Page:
I was approved for an apartment, but when I received the lease, the rent was lower than what I was told it would be! Both the owner and I signed the lease, but then the landlord caught the mistake and now wants me to sign a new lease for the higher rent. Any advice?
That's certainly an unusual experience, but it is a good reminder that when you sign a lease for a New York City apartment, be sure to read it carefully to avoid mistakes like this, which is what you can assume this is. In your case, if you already agreed to a higher rent, you should expect to pay that higher amount each month, despite what your lease says.
Acknowledging the mistake first is a good way to start out your new relationship. Even if your landlord didn't notice, you should document the error and bring it to your landlord’s attention, says Steven Kikrpatrick, a partner at the law firm Romer Debbas. Honest mistakes do happen, he says.
For minor typos like an incorrect apartment number or a misspelled name, a new lease might not be required. It could just be interpreted as the correct information that was intended, Kirkpatrick says. But for a larger issue like an incorrect rent amount, getting a new lease or a provision with the correct amount is important so you can avoid—worst-case scenario—getting dragged into court.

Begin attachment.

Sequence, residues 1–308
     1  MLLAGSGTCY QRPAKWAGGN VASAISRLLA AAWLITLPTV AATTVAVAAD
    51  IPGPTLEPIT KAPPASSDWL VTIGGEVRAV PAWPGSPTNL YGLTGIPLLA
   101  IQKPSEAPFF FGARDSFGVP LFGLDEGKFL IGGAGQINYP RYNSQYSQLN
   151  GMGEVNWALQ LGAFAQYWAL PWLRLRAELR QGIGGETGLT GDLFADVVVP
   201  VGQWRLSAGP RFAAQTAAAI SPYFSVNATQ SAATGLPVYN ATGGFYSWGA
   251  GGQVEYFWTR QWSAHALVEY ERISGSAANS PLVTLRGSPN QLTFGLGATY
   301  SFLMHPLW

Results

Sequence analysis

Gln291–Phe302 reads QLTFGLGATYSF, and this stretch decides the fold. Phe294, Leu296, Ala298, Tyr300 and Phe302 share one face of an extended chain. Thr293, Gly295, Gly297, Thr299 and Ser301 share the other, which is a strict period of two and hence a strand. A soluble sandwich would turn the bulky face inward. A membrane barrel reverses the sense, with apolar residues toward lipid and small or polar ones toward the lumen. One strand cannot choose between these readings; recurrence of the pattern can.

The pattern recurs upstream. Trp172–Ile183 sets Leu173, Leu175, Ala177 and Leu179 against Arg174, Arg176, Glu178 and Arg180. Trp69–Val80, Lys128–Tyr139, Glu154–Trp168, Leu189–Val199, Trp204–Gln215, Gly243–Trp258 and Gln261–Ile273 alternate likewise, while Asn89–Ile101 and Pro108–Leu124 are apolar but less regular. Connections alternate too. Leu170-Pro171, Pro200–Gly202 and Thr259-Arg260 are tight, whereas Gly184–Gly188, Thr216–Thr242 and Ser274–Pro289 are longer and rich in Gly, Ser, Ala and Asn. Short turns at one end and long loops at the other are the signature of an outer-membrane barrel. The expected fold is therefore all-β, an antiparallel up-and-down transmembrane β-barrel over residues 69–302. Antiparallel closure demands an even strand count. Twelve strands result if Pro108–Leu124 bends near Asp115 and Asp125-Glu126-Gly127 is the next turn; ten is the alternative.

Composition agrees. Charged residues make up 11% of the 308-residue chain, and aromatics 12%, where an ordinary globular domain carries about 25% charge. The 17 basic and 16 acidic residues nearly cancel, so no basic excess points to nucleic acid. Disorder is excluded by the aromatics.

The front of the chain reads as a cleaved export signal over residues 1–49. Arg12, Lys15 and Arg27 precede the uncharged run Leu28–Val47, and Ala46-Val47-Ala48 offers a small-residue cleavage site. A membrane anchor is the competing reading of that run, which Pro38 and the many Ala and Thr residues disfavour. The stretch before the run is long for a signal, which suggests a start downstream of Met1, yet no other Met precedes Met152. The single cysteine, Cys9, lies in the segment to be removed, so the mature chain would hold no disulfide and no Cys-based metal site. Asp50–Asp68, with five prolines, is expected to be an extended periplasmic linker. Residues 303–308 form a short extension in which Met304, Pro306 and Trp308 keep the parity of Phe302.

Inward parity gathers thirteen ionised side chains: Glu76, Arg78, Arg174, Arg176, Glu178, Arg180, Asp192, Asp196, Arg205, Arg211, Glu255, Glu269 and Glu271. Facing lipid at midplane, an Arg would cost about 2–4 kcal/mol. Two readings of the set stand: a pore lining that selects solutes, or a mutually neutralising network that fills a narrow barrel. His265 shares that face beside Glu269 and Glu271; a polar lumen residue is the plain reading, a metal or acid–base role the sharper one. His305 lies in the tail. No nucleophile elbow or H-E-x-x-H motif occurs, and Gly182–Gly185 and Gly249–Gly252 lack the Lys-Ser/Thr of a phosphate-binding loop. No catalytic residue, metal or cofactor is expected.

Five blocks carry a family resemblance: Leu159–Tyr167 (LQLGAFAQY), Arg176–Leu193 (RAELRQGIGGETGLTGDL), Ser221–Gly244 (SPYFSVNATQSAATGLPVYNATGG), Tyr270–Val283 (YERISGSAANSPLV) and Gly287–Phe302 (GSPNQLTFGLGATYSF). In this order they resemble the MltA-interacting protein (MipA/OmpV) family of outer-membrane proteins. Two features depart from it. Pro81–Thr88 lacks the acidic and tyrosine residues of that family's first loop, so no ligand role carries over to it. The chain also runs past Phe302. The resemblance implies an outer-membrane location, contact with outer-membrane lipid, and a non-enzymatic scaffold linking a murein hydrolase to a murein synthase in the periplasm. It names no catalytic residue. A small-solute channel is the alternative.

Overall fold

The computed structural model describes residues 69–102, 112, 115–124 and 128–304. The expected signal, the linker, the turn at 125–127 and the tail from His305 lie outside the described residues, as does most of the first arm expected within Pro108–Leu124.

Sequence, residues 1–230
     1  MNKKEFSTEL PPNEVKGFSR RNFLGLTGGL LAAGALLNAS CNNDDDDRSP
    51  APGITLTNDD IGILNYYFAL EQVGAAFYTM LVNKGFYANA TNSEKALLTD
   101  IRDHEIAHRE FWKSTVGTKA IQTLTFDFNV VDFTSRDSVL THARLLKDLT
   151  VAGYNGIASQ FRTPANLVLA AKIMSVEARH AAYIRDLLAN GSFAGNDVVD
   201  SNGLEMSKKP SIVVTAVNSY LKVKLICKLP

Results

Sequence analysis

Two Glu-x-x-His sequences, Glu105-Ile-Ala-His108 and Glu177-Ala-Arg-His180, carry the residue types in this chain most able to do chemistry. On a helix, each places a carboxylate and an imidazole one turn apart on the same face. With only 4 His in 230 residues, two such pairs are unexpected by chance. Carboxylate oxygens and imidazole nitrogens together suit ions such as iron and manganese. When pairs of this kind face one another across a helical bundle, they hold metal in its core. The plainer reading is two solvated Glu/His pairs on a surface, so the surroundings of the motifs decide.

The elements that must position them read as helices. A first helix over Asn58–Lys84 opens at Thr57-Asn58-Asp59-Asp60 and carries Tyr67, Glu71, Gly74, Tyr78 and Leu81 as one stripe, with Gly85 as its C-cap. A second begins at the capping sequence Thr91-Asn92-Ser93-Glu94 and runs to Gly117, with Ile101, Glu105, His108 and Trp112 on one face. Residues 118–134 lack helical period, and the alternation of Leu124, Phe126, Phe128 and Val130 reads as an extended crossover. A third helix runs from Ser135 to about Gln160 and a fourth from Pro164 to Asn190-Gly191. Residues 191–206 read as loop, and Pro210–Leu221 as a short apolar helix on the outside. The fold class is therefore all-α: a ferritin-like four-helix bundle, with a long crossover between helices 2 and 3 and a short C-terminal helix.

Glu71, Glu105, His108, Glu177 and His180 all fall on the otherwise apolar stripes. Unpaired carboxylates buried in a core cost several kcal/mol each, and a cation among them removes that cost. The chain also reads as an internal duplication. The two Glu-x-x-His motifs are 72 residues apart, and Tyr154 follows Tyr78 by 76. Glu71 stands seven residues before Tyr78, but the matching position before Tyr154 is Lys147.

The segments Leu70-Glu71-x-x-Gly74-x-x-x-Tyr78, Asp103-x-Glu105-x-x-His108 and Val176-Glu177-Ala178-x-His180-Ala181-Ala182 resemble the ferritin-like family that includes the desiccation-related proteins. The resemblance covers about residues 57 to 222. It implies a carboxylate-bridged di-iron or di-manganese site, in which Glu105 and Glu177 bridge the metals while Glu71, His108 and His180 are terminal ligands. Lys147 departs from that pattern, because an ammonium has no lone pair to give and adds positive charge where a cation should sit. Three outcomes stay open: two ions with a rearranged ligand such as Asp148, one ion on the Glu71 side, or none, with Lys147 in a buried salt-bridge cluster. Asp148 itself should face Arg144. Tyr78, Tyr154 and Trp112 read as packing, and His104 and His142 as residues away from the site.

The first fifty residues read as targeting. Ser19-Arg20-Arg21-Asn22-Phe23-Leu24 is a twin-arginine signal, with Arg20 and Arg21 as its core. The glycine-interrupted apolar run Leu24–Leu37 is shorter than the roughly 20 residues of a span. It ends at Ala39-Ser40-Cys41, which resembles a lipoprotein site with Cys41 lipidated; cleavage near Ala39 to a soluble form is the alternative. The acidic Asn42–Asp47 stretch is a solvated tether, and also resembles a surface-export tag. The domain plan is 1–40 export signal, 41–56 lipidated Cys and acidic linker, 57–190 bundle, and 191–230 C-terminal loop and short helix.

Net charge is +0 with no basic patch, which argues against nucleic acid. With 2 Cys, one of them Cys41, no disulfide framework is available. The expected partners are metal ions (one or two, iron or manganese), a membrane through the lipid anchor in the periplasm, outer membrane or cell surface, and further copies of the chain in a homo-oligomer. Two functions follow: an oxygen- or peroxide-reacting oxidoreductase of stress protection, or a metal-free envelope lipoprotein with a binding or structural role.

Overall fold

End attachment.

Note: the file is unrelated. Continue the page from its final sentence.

However, if there’s some confusion about the original rent amount, there could be an argument that “there was no meeting of the minds,” Kirkpatrick says. In that situation, your landlord should accept the rent stated in the lease. And in an extreme case, like if your apartment is $4,000 a month and the lease says $40,000, it would be obvious that this was a mistake.
Arik Lifshitz, CEO of DSA Property Group, says that mistakes happen from time to time, and can be easy to correct. There should be good faith from both sides to make the corrections mutually agreed on and abide by them, he says.
You should also consider your landlord’s side of the argument if it was an honest mistake. “Consider their response if the situation was reversed,” Liftshitz says.
What if you cannot agree on which amount is correct? You could end up in litigation. A judge might decide which rent you pay and the court would deem the lease as amended to reflect the correct information, Kirkpatrick says.
So it's important to be clear on what rent you are going to be paying and know that your landlord can’t decide to raise your rent after you’ve both signed the lease. Once a lease is signed and a fully-executed copy is delivered to you, it’s binding for both of you. According to the Attorney General’s Residential Tenants’ Rights Guide, a lease “cannot be changed while it is in effect unless both parties agree.”
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